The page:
Some letters and images have a vulnerable symbolism. Items symbolizing loss:  hair, teeth, a dog, and a ring.  Using commonplace objects further our feeling of loss for the narrator and for Carole herself. Every day descriptions also illustrate that perhaps we stay in similar routines with various people.  When that person is gone, we suddenly don’t know what to do with ourselves. In the poem referenced above, the narrator gets the haircut she wanted, maybe having mixed emotions about it. When the narrator goes to the dentist to get her wisdom teeth pulled, she is alone. She gets drunk the night before as a coping mechanism to “dull her brain.”  The narrator tells Carole about it:


“I want to yell at him: Don’t you know better

than to take from people who have nothing

but these relics, these baubles?


But he’s got my still slab of tongue in his hand

and the noise that comes from the back

of my throat is just choking, as if a person

could even choke an absence.”


The reader feels her isolation: having to complete stressful activities alone, not having that ride home from a loved one. The narrator mourns the loss of Carole through teeth getting pulled, wanting to yell at everyone who does not seem to understand. How could they?  We are all alone in our grief, or it feels that way.


Through the mentioning of the dog, “Shadow,” we experience a new kind of loss: regret. Chavez writes that the narrator sees a dog that looked like Shadow, who was sad to being with- (It was as if the universe had been playing mix-em ups with spare dog parts.) The narrator expresses:


“…I wish

we’d never brought him home.

If we’d never met him, never been licked

by his fat pink tongue, been warmed

by the heat of his solid body on the couch

watching Buffy the Vampire Slayer,

we’d never have known the desiccated

emptiness of every night

after the night we found

his bed vacant ad the back door

yawning in the stasis of moonlight.


It doesn’t matter how loud or late

into the night you call someone’s name,

if they are gone, they are gone.”


The loss of the dog reflects the narrator’s pain in losing Carole. She does not know what happened to Shadow: if he ran away because he was tired of living with them in their “filthy mobile home,” or if he was stolen by a “crack head.” It is the not knowing that exacerbates the pain of the loss. The mind plays tricks, questions if there was love present at all. The narrator regrets the dog and also, never saying thank you to Carole, once, when she splurged on pizza for them, when money was tight. Whether big or small, loss is loss.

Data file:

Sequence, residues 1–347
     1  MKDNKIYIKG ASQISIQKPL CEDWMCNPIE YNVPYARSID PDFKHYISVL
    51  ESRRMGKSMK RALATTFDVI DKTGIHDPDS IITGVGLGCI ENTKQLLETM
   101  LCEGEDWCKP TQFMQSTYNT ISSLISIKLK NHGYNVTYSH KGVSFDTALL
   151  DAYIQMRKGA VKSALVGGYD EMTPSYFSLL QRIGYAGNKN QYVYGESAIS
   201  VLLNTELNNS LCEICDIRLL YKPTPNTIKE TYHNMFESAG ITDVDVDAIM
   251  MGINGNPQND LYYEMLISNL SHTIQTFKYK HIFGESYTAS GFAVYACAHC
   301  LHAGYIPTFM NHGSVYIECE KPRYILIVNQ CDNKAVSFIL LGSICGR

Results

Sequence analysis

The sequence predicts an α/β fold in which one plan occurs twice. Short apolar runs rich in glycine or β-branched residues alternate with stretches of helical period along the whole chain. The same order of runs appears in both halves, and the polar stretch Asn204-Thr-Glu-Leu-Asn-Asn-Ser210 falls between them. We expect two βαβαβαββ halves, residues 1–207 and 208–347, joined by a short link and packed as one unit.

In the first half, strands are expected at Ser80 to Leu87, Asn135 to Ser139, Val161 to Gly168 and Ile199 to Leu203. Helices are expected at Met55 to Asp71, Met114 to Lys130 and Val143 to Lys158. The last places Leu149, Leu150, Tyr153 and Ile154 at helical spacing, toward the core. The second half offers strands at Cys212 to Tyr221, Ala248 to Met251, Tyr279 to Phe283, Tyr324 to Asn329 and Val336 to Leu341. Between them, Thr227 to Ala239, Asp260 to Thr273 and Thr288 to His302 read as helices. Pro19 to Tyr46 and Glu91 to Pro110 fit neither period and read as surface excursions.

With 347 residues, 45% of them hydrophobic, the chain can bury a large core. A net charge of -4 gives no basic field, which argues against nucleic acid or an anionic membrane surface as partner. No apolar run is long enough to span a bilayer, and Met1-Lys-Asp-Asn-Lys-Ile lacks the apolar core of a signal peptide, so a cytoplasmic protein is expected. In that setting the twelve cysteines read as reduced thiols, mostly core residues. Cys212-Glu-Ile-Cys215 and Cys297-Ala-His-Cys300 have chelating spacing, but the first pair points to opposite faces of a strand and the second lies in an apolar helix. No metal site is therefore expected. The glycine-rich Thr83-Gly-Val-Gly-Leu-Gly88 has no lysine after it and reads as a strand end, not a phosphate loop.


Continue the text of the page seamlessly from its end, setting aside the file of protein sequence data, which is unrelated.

These poems are not without humor. Despite the fact that the narrator admits that she cries at Folger commercials or goes weeks without touching another human being, we also laugh at the particular details that create a whole human. When we laugh, we forget pain momentarily.


An impressively descriptive poem begins with “Dear Carole, Today I’m wearing that ring…/ you stole for me at the art fair…”


It is in this poem that we travel with Carole and the narrator to the art fair, laugh as the narrator describes the “hot hippie without a bra” that Carole would roll her eyes at. It is poignant. When the narrator talks to the hippie vendor and covets a large red and black swirled ring: the hippie says: the ring wants to be a ring. I never take from the Earth without permission. The narrator feels nervous, says “Cool,” and walks away.  A few minutes later, at a cross walk, Carole presses something into the palm of the narrator’s hand. It is the ring. Carole then says:


“The stone told me to take it. It said it wanted you to wear it.”


We cannot help but smile.

Pages later when we learn that the ring breaks, we feel a heaviness in our chest.


These poems rise and fall with the everyday rush of a river current.  Even the mundane, the humorous episodes, the losses these women experienced together, all of it— we feel with gusto.


Chavez’s very last line of the collection is something we already know (we empathize with all of these poems), yet this last line comforts us. We simply recognize: “Always the talking is to you.”



Jennifer MacBain-Stephens went to NYU’s Tisch School of the Arts and now lives in the DC area. She is the author of two full length poetry collections (forthcoming.) Her chapbook “Clown Machine” is forthcoming from Grey Book Press this summer. Recent work can be seen or is forthcoming at Jet Fuel Review, Freezeray, The Birds We Piled Loosely, Queen Mob’s Teahouse, Inter/rupture, Poor Claudia, and decomP. Visit: